It’s Halloween time!  While I love carving pumpkins, finding the perfect costume and eating all things pumpkin, I do not, repeat: DO NOT like scary things.  Suburban yards littered with coffins.  Fangs, blood, gore and leaking brains are not my idea of fun.  Even a trip to Target with a giant devil/ghost hanging over the doorway is enough to send me screaming.  But hey, whatever works for you!

After watching the Exorcist when I was about 12 years old, I was convinced that I was possessed by the devil.  No, I never peed on the floor while my parents hosted a dinner party.  Nor did my head ever do a complete 360.  I may have puked a substance reminiscent of split pea soup on my mom at one time or another, but do not remember doing so.  Complicated by the fact that I was attending Catholic school at the time, the whole priest/devil thing was intense. At one point, I asked one of my nun-teachers if it was possible to be possessed by the devil.  She told me yes, and that she herself had required an exorcism as a child.  Great.  More nightmares.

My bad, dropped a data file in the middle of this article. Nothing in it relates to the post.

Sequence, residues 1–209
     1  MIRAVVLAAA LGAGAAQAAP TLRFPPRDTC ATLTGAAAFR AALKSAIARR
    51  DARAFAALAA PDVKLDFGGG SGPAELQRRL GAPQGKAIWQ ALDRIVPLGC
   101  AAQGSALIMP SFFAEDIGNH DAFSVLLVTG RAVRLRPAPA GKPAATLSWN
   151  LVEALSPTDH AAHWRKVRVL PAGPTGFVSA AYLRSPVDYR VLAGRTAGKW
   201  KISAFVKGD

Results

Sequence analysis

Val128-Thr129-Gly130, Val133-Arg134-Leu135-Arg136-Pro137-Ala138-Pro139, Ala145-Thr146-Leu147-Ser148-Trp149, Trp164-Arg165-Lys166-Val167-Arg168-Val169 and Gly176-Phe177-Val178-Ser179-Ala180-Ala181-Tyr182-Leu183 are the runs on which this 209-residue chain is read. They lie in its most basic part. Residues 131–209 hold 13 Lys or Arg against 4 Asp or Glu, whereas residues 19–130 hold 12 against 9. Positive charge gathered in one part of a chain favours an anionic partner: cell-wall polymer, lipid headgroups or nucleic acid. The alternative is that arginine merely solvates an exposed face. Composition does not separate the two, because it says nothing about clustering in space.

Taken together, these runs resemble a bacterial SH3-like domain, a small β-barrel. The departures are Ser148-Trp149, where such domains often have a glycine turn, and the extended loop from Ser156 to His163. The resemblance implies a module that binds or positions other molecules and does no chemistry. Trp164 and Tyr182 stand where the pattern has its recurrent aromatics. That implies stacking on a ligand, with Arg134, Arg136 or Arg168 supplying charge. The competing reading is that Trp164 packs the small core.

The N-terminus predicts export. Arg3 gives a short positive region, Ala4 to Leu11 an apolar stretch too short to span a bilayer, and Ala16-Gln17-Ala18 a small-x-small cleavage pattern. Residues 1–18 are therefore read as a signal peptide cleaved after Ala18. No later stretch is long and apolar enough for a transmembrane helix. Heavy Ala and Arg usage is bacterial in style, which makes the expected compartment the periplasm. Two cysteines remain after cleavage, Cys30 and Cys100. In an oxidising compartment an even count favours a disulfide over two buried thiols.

Last night, we started to watch a kid movie called Paranorman with my 9 year old daughter.  Supposedly made for  kids, this shit had a kid talking to his dead grandmother (who bounced around his room), coffins and skeletons coming out of the ground and a scene where the kid pulls a book out of his uncle’s rigor mortis-ed hand.  What the fuck?  If that’s suitable viewing for kids, I’ll be under the couch.

This week, the new version of Carrie is hitting a box office near you.  Frankly, I would rather poke hot coals in my eyes than see this movie.  If it’s anything like the first, I’ll be a blithering idiot for the year following my viewing of this flick, and I will be of no use to society.  BUT…I have friends who watch the shit out of this stuff and LOVE it.  I mean, they go to zombie live performances where they get sprayed with blood, have horror movie clubs and read scary books too.  Why?  When the keys of the piano start playing in that high pitched soundtrack to Halloween, I have to cover my ears.  But they are like, bring it.